Wednesday, Jan. 27, 2016
It is with great pleasure that we commend Sandra Schmidt, Assistant Professor in the Program in Social Studies at Teachers College, in receiving the Early Career Award of the National Council for the Social Studies-College and University Faculty Assembly this past November.
Dr. Schmidt researches the intersection of geography and civic education and explores how civic identity and civic efficacy are shaped by engagement in public spaces including schools and museums. She has dedicated her work to include issues of gender and sexuality and particularly on women and sexual minorities engage as citizens. She serves on the executive board of the College and University Faculty Association of National Council of Social Studies, the Queer Studies SIG of AERA, and the Center for Civic Education as well as the editorial board for Theory and Research in Social Education.
The CUFA Early Career Award is given to scholars in their pre-tenured stages of their careers and recognizes a significant program of research on important problems of theory and/or practice in the area of social education.
This year’s award stated that Dr. Schmidt's work "spans the fields of social studies education, gender and queer studies, geography, and curriculum theory" and “the manner in which she examines the intersection of gender, sexual orientation and place sets her apart from other scholars.” The award further stated, “The process by which she uses spatial understanding to document patterns of inequities is groundbreaking.”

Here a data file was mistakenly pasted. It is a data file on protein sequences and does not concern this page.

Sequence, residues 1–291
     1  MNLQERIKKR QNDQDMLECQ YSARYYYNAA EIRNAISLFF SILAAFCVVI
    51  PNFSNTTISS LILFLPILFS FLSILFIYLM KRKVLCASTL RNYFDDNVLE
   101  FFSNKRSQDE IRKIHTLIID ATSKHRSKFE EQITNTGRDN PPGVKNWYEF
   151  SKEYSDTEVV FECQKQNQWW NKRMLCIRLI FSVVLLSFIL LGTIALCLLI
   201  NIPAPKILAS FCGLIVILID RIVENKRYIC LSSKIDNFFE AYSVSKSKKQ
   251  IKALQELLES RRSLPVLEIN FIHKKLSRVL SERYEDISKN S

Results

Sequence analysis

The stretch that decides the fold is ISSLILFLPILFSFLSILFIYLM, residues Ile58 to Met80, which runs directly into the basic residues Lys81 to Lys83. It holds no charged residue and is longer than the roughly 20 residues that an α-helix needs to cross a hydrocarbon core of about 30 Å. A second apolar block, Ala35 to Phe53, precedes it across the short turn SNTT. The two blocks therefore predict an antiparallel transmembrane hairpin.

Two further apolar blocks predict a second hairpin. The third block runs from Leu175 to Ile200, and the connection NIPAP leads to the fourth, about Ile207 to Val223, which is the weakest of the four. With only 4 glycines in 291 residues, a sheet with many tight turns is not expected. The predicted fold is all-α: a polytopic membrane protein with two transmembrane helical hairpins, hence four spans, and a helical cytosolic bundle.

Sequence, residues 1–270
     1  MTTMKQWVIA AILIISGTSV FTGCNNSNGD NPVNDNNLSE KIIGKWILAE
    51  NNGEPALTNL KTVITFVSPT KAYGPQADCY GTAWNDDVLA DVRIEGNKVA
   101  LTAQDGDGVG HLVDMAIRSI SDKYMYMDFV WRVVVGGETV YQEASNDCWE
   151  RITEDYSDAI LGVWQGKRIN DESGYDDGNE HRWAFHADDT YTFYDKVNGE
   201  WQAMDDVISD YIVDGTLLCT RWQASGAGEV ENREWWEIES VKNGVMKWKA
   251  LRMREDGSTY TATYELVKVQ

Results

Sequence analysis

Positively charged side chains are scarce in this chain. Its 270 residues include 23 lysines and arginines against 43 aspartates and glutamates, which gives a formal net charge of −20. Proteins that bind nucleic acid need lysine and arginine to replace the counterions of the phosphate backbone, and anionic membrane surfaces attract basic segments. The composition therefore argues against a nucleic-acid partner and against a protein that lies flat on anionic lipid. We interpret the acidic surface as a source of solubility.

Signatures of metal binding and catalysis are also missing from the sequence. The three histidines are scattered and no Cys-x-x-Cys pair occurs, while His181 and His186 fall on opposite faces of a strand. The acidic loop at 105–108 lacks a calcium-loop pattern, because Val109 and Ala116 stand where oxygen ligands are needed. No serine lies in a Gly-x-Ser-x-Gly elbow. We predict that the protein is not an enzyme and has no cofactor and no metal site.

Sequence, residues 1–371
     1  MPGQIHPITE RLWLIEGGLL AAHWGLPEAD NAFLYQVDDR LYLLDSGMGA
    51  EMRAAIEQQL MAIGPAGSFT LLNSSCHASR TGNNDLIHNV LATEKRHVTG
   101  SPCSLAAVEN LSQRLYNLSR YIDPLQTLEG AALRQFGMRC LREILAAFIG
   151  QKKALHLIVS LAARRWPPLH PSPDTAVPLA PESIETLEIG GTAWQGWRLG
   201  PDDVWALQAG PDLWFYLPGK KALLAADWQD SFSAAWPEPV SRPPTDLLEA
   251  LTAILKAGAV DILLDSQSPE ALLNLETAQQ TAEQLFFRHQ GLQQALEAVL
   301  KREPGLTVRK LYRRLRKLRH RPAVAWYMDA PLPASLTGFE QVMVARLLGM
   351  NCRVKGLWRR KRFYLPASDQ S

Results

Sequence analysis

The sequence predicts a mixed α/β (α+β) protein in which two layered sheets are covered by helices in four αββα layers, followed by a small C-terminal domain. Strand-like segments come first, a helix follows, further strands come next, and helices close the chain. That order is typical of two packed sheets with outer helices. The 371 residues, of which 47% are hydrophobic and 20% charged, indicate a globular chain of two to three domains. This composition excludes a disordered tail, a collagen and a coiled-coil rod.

The award noted that Dr. Schmidt takes on research that is underserved, not limited to social justice issues for women and LGBQ. The award goes on to indicate, “Drawing on a mixture of feminist and queer analyses as well spatial theories, Dr. Schmidt maps tensions across borders of sexuality, gender, and marginalization and how these tensions push and pull against the established and dominant fabric of citizenship—jolting its base, fraying it at the edges.“
Dr. Schmidt was commended for her distinguished literary works as well as her research and development projects in Malawi, South Sudan and Ethiopia and her leadership work with Habitat for Humanity abroad. Her highlighted writings included The queer arrangement of school: A spatial study of inequity, Claiming our turf: Students' civic negotiation of the public space of school, Occupy Wall Street as a Curriculum of Space, and Am I a woman?: The production of woman in U.S. History.